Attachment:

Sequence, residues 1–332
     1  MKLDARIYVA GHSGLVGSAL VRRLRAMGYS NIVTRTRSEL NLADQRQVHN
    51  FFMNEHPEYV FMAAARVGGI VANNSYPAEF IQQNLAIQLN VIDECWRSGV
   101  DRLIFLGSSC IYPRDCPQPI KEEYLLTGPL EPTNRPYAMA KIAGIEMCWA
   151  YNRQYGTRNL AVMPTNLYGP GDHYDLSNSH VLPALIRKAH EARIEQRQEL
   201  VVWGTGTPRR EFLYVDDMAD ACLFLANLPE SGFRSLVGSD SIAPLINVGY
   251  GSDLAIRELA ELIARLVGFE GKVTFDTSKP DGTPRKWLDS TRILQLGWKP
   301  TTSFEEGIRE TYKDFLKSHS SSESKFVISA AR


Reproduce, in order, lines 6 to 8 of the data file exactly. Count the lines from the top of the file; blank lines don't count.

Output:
   201  VVWGTGTPRR EFLYVDDMAD ACLFLANLPE SGFRSLVGSD SIAPLINVGY
   251  GSDLAIRELA ELIARLVGFE GKVTFDTSKP DGTPRKWLDS TRILQLGWKP
   301  TTSFEEGIRE TYKDFLKSHS SSESKFVISA AR